# Weighted Average Cost of Capital

## Definition

The total cost of the capital used to finance or purchase a business. It is computed from the respective costs of debt and equity and their relative proportion in the deal structure.

## What It Means

The weighted average cost of capital (WACC) reflects the overall costs of combined debt and equity capital used to finance business operations or acquisition. It is the basis of determining the discount rate for the Discounted Cash Flow business valuation method.

For example, let’s assume that the buyer purchases a small business with 50% cash down payment (equity) and the balance (debt) being financed by the seller. Let’s say that the buyer’s downpayment costs 30% per year, the seller’s note carries an 8% annual interest, and the business tax rate is 30%. Then the weighted average cost of the capital used to purchase the business is:

In typical business valuation and acquisition scenarios, the WACC can be computed using the general formula:

Where `k _{e}` is the discount rate representing the cost of equity capital such as the business buyer down payment,

`E`is the percentage of down payment in the total deal structure,

`k`is the pretax interest on the seller’s note,

_{n}`N`is the seller’s note percentage,

`t`is the business tax rate,

`k`is the bank loan interest and

_{l}`L`is the percentage of the bank loan used to finance the business purchase. Note that the sum of

`E`,

`N`and

`L`always equals 100%.

### Book value versus market value of equity

As the formula demonstrates, to calculate the WACC, you need to estimate the values of all equity and debt components in the deal structure.

Importantly, in business valuation situations, the **calculation requires the market value of equity**, rather than its book value. This requirement leads to the following iterative procedure for estimating WACC:

### Calculating WACC by iteration

- Estimate the market value of all debt such as the seller’s note and bank loan.
- Project future business net cash flow (NCF), e.g. for 3–5 years.
- Estimate the average annual growth rate in the net cash flow.
- Use the WACC formula and the book value of business equity to calculate the initial estimate of WACC.
- Estimate the market value of equity using the WACC initial estimate, first year NCF projection and the average NCF growth rate from above.
- Re-calculate the WACC using the new equity value estimate while keeping the debt values constant.
- Iteratively adjust the initial WACC input until it approximates the calculated WACC result.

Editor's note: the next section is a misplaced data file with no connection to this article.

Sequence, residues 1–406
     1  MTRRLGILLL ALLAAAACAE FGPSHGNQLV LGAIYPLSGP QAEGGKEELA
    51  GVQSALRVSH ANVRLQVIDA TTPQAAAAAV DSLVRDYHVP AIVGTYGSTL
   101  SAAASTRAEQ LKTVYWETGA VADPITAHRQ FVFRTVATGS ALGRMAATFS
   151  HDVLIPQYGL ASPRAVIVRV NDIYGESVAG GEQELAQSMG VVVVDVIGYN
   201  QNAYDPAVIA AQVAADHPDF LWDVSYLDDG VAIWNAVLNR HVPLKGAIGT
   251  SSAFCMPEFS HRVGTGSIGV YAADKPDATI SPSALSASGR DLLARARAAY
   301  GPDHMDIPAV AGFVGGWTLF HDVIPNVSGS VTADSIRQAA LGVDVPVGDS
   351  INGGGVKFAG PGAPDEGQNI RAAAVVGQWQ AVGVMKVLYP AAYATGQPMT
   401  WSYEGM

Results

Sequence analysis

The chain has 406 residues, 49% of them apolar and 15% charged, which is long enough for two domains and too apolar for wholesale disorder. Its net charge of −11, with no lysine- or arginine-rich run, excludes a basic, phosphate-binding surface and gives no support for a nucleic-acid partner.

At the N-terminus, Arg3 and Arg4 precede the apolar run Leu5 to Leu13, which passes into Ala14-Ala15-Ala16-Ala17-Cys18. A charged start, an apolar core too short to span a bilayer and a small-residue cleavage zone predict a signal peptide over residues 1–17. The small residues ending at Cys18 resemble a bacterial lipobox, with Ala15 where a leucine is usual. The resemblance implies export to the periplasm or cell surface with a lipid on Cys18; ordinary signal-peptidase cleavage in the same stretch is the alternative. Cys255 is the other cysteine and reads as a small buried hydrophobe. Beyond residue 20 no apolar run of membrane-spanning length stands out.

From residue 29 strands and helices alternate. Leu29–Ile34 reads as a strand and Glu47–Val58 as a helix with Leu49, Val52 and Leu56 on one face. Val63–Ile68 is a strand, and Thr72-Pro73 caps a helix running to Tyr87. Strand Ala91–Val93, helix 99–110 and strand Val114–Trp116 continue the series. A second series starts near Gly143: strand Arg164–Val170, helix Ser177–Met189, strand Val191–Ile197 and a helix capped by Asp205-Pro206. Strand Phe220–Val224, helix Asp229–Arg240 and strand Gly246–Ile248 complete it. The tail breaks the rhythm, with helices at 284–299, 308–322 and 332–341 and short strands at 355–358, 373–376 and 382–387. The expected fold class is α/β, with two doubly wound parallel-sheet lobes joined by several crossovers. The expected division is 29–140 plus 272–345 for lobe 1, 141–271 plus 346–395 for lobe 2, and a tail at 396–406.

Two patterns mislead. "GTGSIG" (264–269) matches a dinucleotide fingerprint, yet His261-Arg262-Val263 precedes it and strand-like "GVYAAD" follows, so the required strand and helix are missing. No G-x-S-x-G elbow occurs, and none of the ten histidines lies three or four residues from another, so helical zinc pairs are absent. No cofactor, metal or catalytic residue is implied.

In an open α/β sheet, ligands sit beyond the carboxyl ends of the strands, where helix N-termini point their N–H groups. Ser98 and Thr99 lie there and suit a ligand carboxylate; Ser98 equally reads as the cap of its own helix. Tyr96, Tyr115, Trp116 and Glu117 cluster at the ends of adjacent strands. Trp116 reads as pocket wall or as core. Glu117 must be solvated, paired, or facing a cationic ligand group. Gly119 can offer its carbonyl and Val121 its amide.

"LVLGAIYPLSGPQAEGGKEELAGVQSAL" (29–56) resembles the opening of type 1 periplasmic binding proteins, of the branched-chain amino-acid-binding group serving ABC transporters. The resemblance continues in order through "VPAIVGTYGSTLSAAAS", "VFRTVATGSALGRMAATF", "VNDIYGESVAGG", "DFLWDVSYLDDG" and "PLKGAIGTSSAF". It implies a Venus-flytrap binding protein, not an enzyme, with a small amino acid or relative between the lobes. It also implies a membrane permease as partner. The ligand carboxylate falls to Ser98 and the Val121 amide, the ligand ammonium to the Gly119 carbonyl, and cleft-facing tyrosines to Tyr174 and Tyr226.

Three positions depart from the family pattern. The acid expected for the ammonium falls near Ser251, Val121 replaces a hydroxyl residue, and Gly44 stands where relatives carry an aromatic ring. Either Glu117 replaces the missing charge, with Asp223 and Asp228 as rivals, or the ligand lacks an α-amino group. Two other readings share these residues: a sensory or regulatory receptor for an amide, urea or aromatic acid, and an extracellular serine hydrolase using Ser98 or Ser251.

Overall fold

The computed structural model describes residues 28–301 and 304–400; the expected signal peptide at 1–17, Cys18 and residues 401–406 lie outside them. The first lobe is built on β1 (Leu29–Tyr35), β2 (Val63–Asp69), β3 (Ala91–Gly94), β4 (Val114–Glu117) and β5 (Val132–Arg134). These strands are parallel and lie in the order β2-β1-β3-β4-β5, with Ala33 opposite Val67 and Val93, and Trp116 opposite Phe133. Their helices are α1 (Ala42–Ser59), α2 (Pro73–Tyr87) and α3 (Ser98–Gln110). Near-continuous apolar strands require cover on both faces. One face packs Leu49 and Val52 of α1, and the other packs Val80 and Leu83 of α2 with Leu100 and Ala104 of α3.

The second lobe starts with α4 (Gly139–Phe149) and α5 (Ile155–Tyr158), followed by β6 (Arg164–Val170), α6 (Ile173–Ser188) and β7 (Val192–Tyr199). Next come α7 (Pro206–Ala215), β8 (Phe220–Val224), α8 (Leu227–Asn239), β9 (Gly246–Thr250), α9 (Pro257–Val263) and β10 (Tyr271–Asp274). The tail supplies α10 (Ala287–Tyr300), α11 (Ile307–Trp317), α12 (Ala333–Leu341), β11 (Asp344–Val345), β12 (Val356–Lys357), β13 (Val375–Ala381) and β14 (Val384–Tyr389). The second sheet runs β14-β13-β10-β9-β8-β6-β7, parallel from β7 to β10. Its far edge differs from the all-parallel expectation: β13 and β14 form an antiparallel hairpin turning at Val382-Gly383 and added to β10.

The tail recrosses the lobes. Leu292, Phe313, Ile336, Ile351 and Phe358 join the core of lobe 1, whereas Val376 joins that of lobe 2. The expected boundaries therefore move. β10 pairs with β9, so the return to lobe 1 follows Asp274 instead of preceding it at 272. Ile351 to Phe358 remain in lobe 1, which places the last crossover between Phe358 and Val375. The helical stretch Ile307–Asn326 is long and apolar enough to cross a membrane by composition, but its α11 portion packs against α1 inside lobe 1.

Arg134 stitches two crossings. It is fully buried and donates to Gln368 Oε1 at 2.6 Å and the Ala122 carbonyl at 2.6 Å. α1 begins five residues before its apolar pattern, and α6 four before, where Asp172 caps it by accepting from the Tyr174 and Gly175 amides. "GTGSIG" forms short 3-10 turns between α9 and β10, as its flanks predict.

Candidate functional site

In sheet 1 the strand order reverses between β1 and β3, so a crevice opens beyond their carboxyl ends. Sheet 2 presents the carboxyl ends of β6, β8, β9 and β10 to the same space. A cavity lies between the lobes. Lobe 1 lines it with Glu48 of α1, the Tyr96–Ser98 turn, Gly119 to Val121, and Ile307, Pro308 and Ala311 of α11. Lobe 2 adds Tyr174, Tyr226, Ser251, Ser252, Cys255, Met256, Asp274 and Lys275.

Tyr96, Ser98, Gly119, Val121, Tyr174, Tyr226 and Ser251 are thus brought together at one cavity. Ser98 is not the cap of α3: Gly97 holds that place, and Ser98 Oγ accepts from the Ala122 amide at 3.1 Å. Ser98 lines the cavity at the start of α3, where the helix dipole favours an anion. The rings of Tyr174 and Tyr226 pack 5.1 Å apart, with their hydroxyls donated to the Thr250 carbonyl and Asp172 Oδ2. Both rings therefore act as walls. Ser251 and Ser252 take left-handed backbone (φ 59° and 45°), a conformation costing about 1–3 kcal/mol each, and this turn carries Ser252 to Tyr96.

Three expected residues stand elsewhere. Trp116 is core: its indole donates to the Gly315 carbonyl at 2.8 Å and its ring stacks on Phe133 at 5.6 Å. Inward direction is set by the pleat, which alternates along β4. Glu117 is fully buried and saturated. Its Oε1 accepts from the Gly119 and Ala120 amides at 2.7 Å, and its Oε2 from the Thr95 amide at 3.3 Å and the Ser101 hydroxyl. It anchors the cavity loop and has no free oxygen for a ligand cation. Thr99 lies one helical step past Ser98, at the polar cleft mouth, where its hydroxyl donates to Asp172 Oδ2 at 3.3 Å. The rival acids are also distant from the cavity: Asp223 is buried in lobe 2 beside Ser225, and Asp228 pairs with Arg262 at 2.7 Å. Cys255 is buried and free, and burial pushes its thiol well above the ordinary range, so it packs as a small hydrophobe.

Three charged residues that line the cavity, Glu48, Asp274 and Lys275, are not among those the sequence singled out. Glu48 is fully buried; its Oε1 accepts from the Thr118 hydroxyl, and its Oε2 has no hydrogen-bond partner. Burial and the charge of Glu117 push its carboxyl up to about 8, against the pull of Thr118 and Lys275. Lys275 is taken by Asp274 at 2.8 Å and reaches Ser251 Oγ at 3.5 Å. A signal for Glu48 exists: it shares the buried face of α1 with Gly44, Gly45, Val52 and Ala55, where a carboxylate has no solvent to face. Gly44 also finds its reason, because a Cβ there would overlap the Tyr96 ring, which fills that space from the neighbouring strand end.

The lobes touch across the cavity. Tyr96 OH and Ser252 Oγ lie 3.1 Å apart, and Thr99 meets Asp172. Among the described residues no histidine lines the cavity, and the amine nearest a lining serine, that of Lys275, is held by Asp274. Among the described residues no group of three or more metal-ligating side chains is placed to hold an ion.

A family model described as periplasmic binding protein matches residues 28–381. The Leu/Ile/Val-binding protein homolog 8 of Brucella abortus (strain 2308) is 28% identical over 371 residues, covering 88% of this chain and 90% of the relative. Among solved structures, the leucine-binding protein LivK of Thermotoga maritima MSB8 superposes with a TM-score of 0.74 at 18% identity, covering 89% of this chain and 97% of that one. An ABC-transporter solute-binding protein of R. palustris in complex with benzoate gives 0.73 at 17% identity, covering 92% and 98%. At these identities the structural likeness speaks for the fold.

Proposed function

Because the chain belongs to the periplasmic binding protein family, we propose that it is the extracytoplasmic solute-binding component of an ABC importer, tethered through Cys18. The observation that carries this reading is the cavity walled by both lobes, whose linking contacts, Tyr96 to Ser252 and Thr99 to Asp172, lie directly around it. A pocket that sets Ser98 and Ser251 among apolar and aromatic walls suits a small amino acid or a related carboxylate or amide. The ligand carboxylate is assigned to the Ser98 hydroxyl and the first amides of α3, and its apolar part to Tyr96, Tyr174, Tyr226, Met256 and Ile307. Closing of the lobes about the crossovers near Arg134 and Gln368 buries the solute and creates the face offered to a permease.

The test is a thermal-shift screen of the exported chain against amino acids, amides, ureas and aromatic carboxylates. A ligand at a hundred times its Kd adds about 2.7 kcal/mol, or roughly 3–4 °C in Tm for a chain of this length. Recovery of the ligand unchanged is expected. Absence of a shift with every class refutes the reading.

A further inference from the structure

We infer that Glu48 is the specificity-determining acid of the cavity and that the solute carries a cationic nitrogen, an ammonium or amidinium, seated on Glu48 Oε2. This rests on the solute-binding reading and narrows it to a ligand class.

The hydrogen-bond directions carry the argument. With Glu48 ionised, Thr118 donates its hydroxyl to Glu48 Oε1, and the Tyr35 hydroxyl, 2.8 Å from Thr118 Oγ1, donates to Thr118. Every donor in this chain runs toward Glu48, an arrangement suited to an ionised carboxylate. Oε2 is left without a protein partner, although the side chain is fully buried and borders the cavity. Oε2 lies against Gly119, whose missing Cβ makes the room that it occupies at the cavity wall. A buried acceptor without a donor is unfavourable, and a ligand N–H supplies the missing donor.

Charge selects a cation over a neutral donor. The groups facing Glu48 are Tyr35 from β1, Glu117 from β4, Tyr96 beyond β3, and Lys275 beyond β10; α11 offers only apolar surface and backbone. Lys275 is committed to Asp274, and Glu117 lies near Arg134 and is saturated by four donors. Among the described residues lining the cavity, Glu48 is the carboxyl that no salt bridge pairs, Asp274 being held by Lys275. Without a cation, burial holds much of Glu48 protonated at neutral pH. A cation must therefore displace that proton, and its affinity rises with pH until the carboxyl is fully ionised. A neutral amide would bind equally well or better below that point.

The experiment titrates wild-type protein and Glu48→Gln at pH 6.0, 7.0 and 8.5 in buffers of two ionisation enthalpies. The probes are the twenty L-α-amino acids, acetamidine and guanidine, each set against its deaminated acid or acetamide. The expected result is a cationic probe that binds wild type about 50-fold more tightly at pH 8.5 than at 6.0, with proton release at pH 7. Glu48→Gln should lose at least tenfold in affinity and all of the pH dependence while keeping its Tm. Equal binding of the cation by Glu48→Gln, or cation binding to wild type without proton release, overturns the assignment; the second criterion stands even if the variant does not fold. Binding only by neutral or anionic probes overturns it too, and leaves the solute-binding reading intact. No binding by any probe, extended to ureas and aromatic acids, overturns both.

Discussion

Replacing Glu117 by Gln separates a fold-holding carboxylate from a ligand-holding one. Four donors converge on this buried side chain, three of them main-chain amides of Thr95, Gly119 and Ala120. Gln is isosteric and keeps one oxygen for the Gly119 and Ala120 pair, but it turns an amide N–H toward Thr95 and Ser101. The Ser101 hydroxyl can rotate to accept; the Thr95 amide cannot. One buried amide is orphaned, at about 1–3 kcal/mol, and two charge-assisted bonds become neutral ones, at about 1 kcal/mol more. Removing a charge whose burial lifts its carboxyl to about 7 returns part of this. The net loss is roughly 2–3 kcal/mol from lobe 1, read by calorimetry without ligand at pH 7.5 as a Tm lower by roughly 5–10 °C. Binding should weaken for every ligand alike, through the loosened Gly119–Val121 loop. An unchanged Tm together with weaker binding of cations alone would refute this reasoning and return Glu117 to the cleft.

You can use the following constant growth capitalization model to estimate the market value of business equity when calculating the WACC:

Where `E _{m}` is the market value of business equity,

`NCF`is the net cash flow projection in the first year following your business valuation,

_{1}`d`is the discount rate you are estimating with this iterative procedure, and

`c`is the average annual growth rate in the projected business net cash flow.

### Example

You would like to estimate the discount rate as the WACC in order to determine the value of the privately held XYZ, Inc for potential acquisition. The company parameters are as follows:

- Book value of equity is $700,000.
- Seller is prepared to carry a note of $700,000 at 8.25% annual interest.
- ABC Bank has offered to finance part of the purchase price with a loan of $100,000 at 9.25% annual interest.
- The company tax rate is 40%.
- The equity discount rate is 35%.
- You project the first year net cash flow to be $80,000.
- You expect net cash flow to grow at 7.73% on average.

#### Step 1: Estimate the WACC using book value of business equity

Type of Capital | Amount | % of Total | Cost, pretax | Cost, after-tax | Weighted Cost |
---|---|---|---|---|---|

Equity, book value | $700,000 | 63.64 | 35% | 35% | 22.27% |

Seller’s note | $300,000 | 27.27 | 8.25% | 4.95% | 1.35% |

Bank loan | $100,000 | 9.09 | 9.25% | 5.55% | 0.5% |

WACC, first estimate: | 24.13% |

#### Step 2: Calculate the WACC using the market value of equity

In this step, you use the WACC estimate from Step 1 to calculate the market value of business equity using the constant growth capitalization formula. The values of seller’s note and bank loan are the same. Calculating the new WACC, you get:

Type of Capital | Amount | % of Total | Cost, pretax | Cost, after-tax | Weighted Cost |
---|---|---|---|---|---|

Equity, market value | $87,819 | 18 | 35% | 35% | 6.3% |

Seller’s note | $300,000 | 61.5 | 8.25% | 4.95% | 3.04% |

Bank loan | $100,000 | 20.5 | 9.25% | 5.55% | 1.14% |

WACC, second estimate: | 10.48% |

#### Step 3: Iterating to find the actual WACC value

Notice that there is quite a difference between the WACC estimates in Step 1 and 2. The actual value lies somewhere in between. You can adjust your initial WACC estimate in step one and re-calculate your WACC result until the two values equal each other. In this example, this value is **18.66%**. Your final capital structure and costs look as follows:

Type of Capital | Amount | % of Total | Cost, pretax | Cost, after-tax | Weighted Cost |
---|---|---|---|---|---|

Equity, market value | $331,962 | 45.35 | 35% | 35% | 15.87% |

Seller’s note | $300,000 | 40.99 | 8.25% | 4.95% | 2.03% |

Bank loan | $100,000 | 13.66 | 9.25% | 5.55% | 0.76% |

WACC, final estimate: | 18.66% |